NASHVILLE, Tenn. (AP) — A California beer maker that produces some potent suds is seeking a site for a new brewery, and some Tennessee lawmakers are pushing legislation that they hope will persuade the company to build it in East Tennessee.
Tennessee's Senate Finance Committee on Tuesday voted 10-0 to advance the bill establishing state guidelines for high-alcohol beer to a full floor vote.
The measure sponsored by Republican Sen. Ken Yager of Harriman would govern the sale of beer with an alcohol content of 5 percent to 20 percent. Tennessee law currently makes no distinction between high-alcohol beer and liquors or wines.
Bill Manley, a spokesman for Chico, Calif.-based Sierra Nevada Brewing Co., said Alcoa is on the short list of finalists for the new brewery. But not without changes in state law to allow for selling high-alcohol beer on site and allowing the products to be sampled at a brew pub and restaurant that would be built alongside the brewery.
"Many of our beers are actually above the 5 percent alcohol by weight, so that's one of the requirements to even look at that site," he said.
Manley said company officials are monitoring whether "something passes in a way that will make it reasonable for us" to locate in Tennessee.
Sen. Doug Overbey introduced the amendment that would apply to the potential Sierra Nevada investment. The Maryville Republican said it was the result of "work with the folks in the city of Alcoa and Blount County for a significant economic development opportunity that required some changes in state law to stay in the mix."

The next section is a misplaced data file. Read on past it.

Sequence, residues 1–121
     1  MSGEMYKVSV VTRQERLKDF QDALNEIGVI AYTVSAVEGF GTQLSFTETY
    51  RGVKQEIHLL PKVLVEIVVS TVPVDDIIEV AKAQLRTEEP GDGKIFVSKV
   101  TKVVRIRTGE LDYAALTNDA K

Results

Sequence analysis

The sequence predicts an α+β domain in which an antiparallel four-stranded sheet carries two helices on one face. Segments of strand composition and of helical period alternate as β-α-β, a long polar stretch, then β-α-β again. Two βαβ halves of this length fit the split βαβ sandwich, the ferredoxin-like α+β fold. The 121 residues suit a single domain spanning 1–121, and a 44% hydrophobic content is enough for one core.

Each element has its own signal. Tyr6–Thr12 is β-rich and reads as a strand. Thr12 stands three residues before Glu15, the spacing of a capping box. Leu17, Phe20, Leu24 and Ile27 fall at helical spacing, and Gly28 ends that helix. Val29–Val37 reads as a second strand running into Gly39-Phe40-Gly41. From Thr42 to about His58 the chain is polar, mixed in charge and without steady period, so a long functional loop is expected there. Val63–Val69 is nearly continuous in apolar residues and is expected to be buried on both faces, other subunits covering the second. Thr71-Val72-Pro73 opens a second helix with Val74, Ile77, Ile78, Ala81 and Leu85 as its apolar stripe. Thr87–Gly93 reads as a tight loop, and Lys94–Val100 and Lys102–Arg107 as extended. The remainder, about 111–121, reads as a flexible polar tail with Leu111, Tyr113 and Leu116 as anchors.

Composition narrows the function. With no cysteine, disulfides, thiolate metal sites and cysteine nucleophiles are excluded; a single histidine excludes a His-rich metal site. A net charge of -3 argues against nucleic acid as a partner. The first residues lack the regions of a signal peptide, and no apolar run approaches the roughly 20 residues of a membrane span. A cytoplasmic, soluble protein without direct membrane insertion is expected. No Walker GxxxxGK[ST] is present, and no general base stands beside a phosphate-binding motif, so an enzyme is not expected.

Sierra Nevada is looking to establish a brewery east of the Mississippi to relieve pressure on the California facility that is rapidly approaching capacity, Manley said.
"We're hoping to make a decision sometime through this summer or fall of this year, and begin construction sometime after that," he said.
Changes to the bill adopted Tuesday stripped a provision to allow only one manufacturer of high-alcohol beer in each Grand Division of Tennessee. Manley applauded the move, saying that Sierra Nevada has sought to foster craft brewing.
The bill would also allow brewers of high-alcohol beer to obtain a restaurant license and serve liquor.
Another element of the bill would also change a law that distilleries can only sell whiskey in commemorative bottles, thereby allowing them to offer visitors the same bottles sold in stores.